What the role suggested to me was: 1) Joss Whedon likes to use the same actors (note the aforementioned Ron Glass showing up), and 2) CW’s Arrow has a wider influence than I thought.

1. Ming-Na Wen is the obvious exception, though sadly she also doesn’t get to do much other than brood mysteriously and hit some people in the pilot. It will be nice when we get over the mystery there and she’s fleshed out.

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Archive: Powerblog: Last to Know

With Spotlight all caught up on here until I finish the next chapter, I think we’ve taken a sufficiently-long break from Power Pack that I can post some more of this stuff. :)


(from Marvel Age Annual #2, words by Louise Simonson,
art by Jon Bogdanove and Art Nichols.)

I’ve previously discussed Power Pack’s wholly believable childishness. One of the many ways this expressed itself was in their complete inability to keep their “secret identities.” They kept forgetting to wear or have Friday make masks, kept forgetting to use their super-hero names when in costume. Really, anyone and everyone they ran into wound up knowing who they were. Except, that is, their parents.

“I can’t tell my loved ones” hi-jinks are, of course, a staple of super-hero comics. But Power Pack, it seems, had a little help. Jon Bogdanove revealed, just before leaving the series, that after Power Pack’s return from the Snark Wars, Margaret and Jim Power had been subjected to a “mindfix” by Kymellian healer Yrik. The process left the parents highly suggestible when it came to their children’s excuses. Of course, it carried with it the danger of mental breakdown in the face of the truth.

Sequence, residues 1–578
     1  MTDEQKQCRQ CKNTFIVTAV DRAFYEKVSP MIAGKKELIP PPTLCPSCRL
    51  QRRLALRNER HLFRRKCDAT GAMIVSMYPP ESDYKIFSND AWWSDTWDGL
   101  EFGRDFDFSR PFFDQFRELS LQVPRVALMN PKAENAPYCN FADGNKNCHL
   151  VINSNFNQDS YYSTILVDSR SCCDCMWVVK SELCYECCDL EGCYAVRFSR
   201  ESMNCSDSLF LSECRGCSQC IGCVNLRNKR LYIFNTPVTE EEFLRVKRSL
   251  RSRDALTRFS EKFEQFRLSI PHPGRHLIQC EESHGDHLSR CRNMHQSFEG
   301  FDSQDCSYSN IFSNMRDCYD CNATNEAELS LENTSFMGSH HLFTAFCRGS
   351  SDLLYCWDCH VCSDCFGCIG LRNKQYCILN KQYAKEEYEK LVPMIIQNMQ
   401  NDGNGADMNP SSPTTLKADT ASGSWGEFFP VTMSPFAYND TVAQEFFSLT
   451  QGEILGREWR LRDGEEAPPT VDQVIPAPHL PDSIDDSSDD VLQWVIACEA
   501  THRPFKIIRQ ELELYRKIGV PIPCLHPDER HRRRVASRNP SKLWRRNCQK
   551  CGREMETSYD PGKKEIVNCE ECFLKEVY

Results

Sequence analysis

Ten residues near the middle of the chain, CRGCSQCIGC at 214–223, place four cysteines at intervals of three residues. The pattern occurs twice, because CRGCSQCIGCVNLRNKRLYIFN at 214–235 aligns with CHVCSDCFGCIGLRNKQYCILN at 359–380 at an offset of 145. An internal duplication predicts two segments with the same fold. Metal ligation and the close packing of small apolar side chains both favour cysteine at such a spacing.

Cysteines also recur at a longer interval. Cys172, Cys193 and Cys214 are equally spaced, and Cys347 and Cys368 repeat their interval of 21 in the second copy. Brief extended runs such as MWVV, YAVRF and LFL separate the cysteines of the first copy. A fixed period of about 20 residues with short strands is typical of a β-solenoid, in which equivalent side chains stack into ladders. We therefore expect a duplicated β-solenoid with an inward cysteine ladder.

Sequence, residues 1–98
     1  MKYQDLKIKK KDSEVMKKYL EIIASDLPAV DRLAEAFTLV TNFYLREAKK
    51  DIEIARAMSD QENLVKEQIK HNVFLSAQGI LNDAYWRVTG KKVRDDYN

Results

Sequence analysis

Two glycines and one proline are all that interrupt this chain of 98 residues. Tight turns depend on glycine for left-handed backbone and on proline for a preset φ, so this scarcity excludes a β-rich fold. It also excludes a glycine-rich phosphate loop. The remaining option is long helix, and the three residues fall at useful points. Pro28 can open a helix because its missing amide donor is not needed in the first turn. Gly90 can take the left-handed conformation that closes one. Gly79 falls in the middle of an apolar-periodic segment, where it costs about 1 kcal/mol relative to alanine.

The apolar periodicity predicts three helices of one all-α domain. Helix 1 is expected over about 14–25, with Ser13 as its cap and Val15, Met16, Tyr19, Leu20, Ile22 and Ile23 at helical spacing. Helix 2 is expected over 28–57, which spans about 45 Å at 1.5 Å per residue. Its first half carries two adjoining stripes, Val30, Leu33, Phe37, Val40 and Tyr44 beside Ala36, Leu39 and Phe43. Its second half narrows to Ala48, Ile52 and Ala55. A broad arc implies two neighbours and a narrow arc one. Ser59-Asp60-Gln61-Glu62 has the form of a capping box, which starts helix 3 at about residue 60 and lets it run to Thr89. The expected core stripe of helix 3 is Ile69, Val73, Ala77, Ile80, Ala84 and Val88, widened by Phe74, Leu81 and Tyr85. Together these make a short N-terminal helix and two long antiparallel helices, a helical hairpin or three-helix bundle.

(I realize I’ve mostly been talking about Simonson’s run on the book, but I’m willing to bet this is an element Simonson either meant to play with or of which she approved. After all, when she came back to retcon the entire Higgins run out of existence, she made sure to explicitly retain the mindfix.)

Now, given that loved ones buying implausible excuses is par for the course in a super-hero book, why the need to introduce a secondary science fiction element to explain such antics in Power Pack? I think this comes back, again, to the underpinnings of the book, of Power Pack as a group of children facing the realities of an adult world.

(From Power Pack #26, pencils Jon Bogdanove, inks Bob Wiacek.)

One of those realities, one that none of us can ever escape, is that we will always be our parents’ babies. It doesn’t matter how old we get, how much responsibility we take on, how many times we save the bloody universe, we’re still children. Their babies. No amount of evidence will ever truly change that, and forcing the issues is, well, never pretty.